Even though Instagram's Community Guidelines prohibit nudity and graphic sexual poses, within two minutes, I was able to find dozens and dozens of pages depicting drug use, slut-shaming women, and graphic, explicit nudity. (Some of these photos I don't doubt are underage, which would categorize it as child pornography).
Yes, this is where a lot of teens have found their new outlet. And to be fair, many teens simply use Instagram the way it was intended, to share photos with friends and be social. I'm not sure why Instagram allows the other photos to stay online given their Guidelines, but just earlier this month, a Napa California police department investigated an Instagram page after receiving multiple reports that it contained “inappropriate” images of females.
The images were posted on a page called “napahoezexxposed." Translation: Napa Hoez Exxposed-- an Instagram page dedicated to labeling certain girls and women as whores. This is a combined Sexting and Rating Site tactic where someone uploaded photos of females (allegedly without their consent) in various stages of undress (thus Sexting) with the motive to slut-shame these girls by allowing commenters to rate them (thus a Rating Site). I've seen multiple versions of the so-called "Exposing Hos" tactic on Facebook and Twitter, but, apparently Instagram is the new technological vehicle for the same type of behavior.
Time Magazine's recent article "What Boys Want" by Rosalind Wiseman recently featured a fascinating article on why today's teens engage in Sexting, even when they know of the steep risks. The takeway I got from this article is that with this digital generation so used to the casual release of Kim Kardashian-type of sex tapes, snapping a nude pic or photographing a sexually explicit pose isn't as a big deal to this generation as it should be. Certain teens (particularly those with low-self esteem) tend to have a careless regard for their own image and reputation and just don't think about the consequences to such actions. When sending a nude photo to a someone is the only way you'll get his/her attention or keep his/her attraction, there are bigger issues here than the actual photo. The same goes for teens who request the photos as status symbols and insurance (in case of being rejected.)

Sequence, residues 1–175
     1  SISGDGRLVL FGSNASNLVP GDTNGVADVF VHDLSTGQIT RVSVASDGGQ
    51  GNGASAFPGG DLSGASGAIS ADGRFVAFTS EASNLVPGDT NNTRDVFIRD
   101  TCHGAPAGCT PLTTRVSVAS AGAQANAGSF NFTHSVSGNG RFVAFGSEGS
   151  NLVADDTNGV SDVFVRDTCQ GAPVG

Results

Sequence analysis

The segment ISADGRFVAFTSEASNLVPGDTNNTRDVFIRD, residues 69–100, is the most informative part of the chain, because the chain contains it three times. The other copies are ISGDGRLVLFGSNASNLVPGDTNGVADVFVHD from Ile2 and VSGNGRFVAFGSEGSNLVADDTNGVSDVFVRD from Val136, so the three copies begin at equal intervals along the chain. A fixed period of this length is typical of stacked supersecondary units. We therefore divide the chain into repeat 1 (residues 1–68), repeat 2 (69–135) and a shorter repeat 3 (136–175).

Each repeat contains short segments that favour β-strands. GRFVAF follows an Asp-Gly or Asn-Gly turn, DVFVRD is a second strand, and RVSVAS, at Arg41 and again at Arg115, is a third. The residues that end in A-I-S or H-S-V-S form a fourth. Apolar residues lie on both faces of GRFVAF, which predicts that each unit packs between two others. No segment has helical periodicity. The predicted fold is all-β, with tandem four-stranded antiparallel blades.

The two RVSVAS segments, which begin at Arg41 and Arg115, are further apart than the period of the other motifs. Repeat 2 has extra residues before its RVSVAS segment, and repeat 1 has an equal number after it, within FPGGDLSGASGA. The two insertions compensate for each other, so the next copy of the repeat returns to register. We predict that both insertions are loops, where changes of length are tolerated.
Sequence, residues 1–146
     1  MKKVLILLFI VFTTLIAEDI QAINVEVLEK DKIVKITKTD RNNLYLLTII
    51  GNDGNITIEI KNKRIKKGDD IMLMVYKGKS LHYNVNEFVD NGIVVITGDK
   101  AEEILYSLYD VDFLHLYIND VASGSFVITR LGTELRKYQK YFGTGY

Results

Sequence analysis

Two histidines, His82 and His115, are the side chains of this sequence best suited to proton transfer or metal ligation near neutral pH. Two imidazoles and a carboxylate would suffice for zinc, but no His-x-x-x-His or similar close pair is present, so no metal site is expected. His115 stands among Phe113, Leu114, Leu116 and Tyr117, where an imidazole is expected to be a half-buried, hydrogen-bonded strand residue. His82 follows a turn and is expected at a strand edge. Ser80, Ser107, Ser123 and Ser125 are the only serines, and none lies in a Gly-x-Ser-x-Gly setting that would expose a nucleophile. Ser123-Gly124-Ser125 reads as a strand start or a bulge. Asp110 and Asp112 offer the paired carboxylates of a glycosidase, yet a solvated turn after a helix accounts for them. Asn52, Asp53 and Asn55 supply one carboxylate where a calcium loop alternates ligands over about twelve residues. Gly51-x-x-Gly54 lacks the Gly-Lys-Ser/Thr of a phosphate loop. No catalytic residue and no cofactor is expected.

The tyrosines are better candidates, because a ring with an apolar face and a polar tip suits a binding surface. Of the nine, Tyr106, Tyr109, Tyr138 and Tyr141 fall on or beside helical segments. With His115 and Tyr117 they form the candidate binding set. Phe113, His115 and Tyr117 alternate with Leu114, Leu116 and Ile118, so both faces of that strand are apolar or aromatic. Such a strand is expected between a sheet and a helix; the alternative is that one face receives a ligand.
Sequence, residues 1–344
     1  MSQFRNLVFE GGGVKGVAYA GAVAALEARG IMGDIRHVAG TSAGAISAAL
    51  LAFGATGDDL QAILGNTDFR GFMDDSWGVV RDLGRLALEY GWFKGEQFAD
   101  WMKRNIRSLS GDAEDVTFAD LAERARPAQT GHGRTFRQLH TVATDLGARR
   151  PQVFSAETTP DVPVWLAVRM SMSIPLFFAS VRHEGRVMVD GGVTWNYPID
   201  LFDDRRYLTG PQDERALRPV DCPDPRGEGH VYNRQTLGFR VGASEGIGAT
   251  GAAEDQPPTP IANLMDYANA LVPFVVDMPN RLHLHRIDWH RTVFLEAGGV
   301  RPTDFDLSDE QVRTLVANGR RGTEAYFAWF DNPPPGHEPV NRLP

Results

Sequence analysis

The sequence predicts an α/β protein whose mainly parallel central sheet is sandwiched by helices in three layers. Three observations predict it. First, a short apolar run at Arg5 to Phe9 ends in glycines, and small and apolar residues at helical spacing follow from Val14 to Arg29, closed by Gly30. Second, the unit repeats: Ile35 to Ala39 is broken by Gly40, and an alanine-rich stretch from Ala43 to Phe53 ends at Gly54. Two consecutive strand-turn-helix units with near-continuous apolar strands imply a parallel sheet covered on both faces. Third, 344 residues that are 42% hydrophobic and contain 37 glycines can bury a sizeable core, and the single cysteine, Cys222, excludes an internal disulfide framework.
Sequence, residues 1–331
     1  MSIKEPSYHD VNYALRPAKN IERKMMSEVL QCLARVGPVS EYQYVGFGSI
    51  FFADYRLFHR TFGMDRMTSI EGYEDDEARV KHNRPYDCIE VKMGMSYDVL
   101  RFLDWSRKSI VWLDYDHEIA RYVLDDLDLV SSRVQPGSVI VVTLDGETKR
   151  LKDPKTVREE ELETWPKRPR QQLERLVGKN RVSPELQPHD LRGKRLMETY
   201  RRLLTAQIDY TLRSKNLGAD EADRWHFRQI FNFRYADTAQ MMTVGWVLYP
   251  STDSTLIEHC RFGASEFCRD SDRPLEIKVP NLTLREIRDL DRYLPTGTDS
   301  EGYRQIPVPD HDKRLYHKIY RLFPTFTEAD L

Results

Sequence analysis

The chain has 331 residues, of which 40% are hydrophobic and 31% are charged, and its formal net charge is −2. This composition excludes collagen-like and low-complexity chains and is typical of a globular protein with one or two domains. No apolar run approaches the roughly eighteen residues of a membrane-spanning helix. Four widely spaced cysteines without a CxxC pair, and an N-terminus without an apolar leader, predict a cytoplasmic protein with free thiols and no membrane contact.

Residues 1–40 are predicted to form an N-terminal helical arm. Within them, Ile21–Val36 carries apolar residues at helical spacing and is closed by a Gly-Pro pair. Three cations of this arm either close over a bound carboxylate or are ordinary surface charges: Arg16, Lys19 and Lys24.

Regardless, you can now see how the stage has been set for using these photos as cyberbullying currency. With teenage girls, we must keep the conversation going about alternatives to Sexting, not from a prudish standpoint, but from a reputation-destroying-forever-online standpoint. No girl wants a private "for your eyes only" photo to go virally, embarrassingly public. But, as statistics show, it inevitably will. And today, when a lapse in judgment results in being branded a whore on the Internet for all to comment on and judge, this is the time to talk to that teen in your life about that secret photo on his/her phone they hope you'll never find out about.
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